DO NOT INTERCHANGE: DO NOT INTERCHANGE ZAROXOLYN®
TABLETS AND OTHER FORMULATIONS OF METOLAZONE THAT SHARE ITS SLOW AND INCOMPLETE
BIOAVAILABILITY AND ARE NOT THERAPEUTICALLY EQUIVALENT AT THE SAME DOSES TO
MYKROX® TABLETS, A MORE RAPIDLY AVAILABLE AND COMPLETELY BIOAVAILABLE
METOLAZONE PRODUCT. FORMULATIONS BIOEQUIVALENT TO ZAROXOLYN® AND
FORMULATIONS BIOEQUIVALENT TO MYKROX SHOULD NOT BE INTERCHANGED FOR ONE
Fluid and Electrolytes
All patients receiving therapy with metolazone tablets
should have serum electrolyte measurements done at appropriate intervals and be
observed for clinical signs of fluid and/or electrolyte imbalance: namely,
hyponatremia, hypochloremic alkalosis, and hypokalemia. In patients with severe
edema accompanying cardiac failure or renal disease, a low-salt syndrome may be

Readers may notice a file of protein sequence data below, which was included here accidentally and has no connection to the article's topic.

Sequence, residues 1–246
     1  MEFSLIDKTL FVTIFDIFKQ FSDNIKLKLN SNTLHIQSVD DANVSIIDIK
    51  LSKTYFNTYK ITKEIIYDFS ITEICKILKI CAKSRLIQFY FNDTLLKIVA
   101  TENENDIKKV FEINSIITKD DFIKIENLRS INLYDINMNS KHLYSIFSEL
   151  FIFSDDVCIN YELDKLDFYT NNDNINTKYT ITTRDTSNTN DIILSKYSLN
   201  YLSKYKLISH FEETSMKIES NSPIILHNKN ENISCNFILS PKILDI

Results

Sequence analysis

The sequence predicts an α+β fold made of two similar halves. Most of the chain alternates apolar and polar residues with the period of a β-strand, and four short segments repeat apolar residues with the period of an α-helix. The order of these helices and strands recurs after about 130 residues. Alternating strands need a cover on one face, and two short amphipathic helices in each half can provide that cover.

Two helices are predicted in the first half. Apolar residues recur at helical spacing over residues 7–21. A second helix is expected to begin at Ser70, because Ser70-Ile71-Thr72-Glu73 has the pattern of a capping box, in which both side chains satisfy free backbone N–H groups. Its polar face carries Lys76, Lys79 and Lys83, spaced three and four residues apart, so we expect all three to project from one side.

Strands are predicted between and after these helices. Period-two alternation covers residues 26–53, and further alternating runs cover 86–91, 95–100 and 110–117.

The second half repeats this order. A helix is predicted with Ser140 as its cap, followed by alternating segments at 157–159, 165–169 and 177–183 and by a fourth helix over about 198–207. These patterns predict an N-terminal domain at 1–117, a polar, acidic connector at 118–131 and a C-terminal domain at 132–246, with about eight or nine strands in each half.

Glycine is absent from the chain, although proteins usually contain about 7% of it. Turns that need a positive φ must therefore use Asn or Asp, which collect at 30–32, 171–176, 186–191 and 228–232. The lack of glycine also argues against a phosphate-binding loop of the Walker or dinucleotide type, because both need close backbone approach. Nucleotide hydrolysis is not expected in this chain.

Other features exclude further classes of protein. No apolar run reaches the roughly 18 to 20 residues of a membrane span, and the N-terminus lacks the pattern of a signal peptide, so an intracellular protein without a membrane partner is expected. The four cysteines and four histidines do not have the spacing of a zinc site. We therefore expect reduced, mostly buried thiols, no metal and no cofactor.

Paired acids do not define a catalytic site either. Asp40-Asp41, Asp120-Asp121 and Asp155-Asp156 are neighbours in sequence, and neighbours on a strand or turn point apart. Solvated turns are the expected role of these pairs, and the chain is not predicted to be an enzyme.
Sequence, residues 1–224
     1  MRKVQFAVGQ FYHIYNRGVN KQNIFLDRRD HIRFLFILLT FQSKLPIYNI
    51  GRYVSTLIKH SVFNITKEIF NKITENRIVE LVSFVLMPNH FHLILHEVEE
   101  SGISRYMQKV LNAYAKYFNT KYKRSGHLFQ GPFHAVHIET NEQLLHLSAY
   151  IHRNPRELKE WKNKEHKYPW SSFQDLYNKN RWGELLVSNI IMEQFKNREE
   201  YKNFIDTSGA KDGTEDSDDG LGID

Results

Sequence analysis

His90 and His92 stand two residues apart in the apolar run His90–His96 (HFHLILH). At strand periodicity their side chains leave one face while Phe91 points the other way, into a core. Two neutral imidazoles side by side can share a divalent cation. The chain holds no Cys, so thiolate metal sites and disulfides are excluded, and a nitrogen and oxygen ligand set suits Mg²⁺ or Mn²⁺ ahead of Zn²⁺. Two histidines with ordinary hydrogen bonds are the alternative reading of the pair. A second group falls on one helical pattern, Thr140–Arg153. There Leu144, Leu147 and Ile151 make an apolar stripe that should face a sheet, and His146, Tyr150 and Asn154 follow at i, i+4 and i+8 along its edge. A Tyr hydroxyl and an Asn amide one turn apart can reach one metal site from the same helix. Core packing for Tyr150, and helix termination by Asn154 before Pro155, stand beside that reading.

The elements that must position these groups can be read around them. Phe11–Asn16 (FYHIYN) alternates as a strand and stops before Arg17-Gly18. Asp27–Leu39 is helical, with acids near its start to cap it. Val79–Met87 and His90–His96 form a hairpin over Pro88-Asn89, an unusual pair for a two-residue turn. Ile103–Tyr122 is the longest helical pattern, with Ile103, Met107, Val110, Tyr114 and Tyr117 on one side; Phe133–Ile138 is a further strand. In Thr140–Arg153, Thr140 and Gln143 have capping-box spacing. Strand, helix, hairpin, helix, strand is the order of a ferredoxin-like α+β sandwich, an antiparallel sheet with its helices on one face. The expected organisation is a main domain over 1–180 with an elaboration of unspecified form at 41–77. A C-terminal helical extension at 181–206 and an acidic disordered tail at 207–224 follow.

produced, especially with hot weather and a low-salt diet. Serum and urine
electrolyte determinations are particularly important when the patient has
protracted vomiting, severe diarrhea, or is receiving parenteral fluids.
Warning signs of imbalance are: dryness of mouth, thirst, weakness, lethargy,
drowsiness, restlessness, muscle pains or cramps, muscle fatigue, hypotension,
oliguria, tachycardia, and gastrointestinal disturbances such as nausea and
vomiting. Hyponatremia may occur at any time during long term therapy and, on
rare occasions, may be life threatening.
The risk of hypokalemia is increased when larger doses
are used, when diuresis is rapid, when severe liver disease is present, when
corticosteroids are given concomitantly, when oral intake is inadequate or when